The Last of Us Part II received eleven nominations, the most in the show's history. Other games with multiple nominations included Hades with nine, Ghost of Tsushima with eight, Final Fantasy VII Remake with six, and Doom Eternal with five. Sony Interactive Entertainment had 26 total nominations, more than any other publisher, followed by Supergiant Games and Xbox Game Studios with eight.[3]

Multiple awardsEdit

The Last of Us Part II received the most wins in the show's history, with seven. Four games—Among Us, Final Fantasy VII Remake, Ghost of Tsushima, and Hades—won two awards. Across its two winning games, Sony Interactive Entertainment won a total of nine awards, while Innersloth, Square Enix, Supergiant Games, and Xbox Game Studios won two.[11]

Games that received multiple wins
Awards Game
7 The Last of Us Part II
2 Among Us
Final Fantasy VII Remake
Ghost of Tsushima
Hades

Presenters and performersEdit

The following individuals, listed in order of appearance, presented awards, introduced trailers, or performed musical numbers. All other awards were presented by Geoff Keighley or Sydnee Goodman.[1][12][13][14]

PresentersEdit

Name Role
Rand Miller Presented the launch trailer for Myst for Oculus Quest[15]
Stephen A. Smith Presented the award for Best Esports Athlete
Brie Larson Presented the award for Best Performance
Chris Ashton Presented the gameplay trailer for Back 4 Blood
Josh Holmes Presented the beta announcement trailer for Scavengers
Glen Schofield Presented the reveal trailer for The Callisto Protocol
John David Washington Presented the award for Best Narrative
Swedish Chef Presented the Swedish Chef trailer for Overcooked: All You Can Eat
DrLupo Introduced Future Class
Gal Gadot Presented the award for Games for Impact
Tom Holland Introduced presenter Nolan North
Nolan North Presented the award for Best Multiplayer Game
Ralph Macchio Presented the award for Best Fighting Game
Yuji Okumoto
Josef Fares Presented the reveal trailer for It Takes Two
Reggie Fils-Aimé Presented the award for Innovation in Accessibility
Troy Baker Introduced performer Eddie Vedder
Jacksepticeye Presented the award for Content Creator of the Year
Donald Mustard Presented the Master Chief, Blood Gulch, and The Walking Dead trailers for Fortnite Battle Royale
Kaskade Presented the Rocket League Season 2 trailer
Keanu Reeves Presented the award for Best Game Direction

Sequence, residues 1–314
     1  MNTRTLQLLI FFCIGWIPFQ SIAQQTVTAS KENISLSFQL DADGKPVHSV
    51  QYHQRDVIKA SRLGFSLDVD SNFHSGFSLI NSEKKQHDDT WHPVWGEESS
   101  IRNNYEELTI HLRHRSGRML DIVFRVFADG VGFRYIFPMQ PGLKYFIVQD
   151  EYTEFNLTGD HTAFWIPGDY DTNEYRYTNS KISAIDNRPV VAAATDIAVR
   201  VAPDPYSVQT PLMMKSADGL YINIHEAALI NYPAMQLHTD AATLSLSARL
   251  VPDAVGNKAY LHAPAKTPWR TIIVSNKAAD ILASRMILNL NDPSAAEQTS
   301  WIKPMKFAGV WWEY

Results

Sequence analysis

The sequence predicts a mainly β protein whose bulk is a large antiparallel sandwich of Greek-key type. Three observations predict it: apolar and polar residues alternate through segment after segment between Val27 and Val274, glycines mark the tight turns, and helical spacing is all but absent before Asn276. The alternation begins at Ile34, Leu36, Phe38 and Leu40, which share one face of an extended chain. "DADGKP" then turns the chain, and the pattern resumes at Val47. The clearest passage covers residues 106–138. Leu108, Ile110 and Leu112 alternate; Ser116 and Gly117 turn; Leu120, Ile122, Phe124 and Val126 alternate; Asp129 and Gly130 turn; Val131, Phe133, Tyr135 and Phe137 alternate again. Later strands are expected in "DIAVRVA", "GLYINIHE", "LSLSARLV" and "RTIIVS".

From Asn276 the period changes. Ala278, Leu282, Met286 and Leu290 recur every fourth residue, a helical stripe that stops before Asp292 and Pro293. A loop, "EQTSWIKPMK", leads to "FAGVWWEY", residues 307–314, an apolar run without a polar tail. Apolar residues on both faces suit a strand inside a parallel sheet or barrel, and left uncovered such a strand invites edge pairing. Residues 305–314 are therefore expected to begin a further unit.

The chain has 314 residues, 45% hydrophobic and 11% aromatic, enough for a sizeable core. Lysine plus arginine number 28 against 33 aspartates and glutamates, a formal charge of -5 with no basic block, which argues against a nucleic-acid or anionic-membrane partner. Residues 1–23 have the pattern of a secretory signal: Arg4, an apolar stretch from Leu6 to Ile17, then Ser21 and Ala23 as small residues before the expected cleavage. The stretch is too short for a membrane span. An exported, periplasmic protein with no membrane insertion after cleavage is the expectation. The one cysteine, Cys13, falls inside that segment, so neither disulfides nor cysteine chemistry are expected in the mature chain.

Christopher Nolan Presented the award for Game of the Year

PerformersEdit

Name Song Game(s) Location
Lyn Inaizumi "Last Surprise" Persona 5 Strikers Tokyo[1]
OFK[e] "Follow/Unfollow" We Are OFK Virtual[16]
London Philharmonic Orchestra[f] Mario medley Super Mario series Abbey Road Studios, London[2]
Game of the Year medley Animal Crossing: New Horizons
Doom Eternal
Final Fantasy VII Remake
Ghost of Tsushima
Hades
The Last of Us Part II
Eddie Vedder "Future Days" The Last of Us Part II Seattle[2]

Ceremony informationEdit

 
The Game Awards 2020 was hosted and produced by Geoff Keighley.

Due to the ongoing COVID-19 pandemic, show creator and producer Geoff Keighley did not want to host a normal ceremony for the 2020 show.[17] Not wanting to take a hiatus and inspired by the success of Summer Game Fest,[5] he considered hosting the show from his home, but his board urged him to attempt a larger show on par with previous years.[18] In case of a significant surge of COVID-19 cases in California, the crew had several back-up plans for the show, including broadcasting from Keighley's house.[2] Keighley worked with his partners to develop a virtual show.[17] He and his team took inspiration from other shows throughout the year, including the Democratic National Convention, in which the "audience" was featured on virtual screens,[19] as well as the 72nd Primetime Emmy Awards, wherein the hosts were isolated on stage and the nominees accepted via video call.[18] While developing the show, Keighley also spoke to hundreds of viewers via Zoom to discuss their own interests;[18] these calls often included other industry figures, such as Valve Corporation president Gabe Newell and Epic Games creative director Donald Mustard.[20]

The presentation used three soundstages in Los Angeles, London, and Tokyo; each location had minimal attendees, mostly related to production crew and presenters. Keighley said that this allows them to include additional presentation events as with past shows, as well as explore taking future shows to different venues.[17] According to Keighley, the theme of the show was about strength and comfort, given the impact of the pandemic. He wanted to implore the theme of unity, given the release of the PlayStation 5 and Xbox Series X/S in November 2020; he cited The Game Awards 2018 as an example of this theme, which had led with Nintendo's Reggie Fils-Aimé, Microsoft's Phil Spencer, and Sony's Shawn Layden all sharing the stage.[20] Keighley felt that the inclusion of film and television stars was an interesting way to show a wider appreciation for the industry. His team wanted to include Henry Cavill in the show, but he was busy working on The Witcher.[5]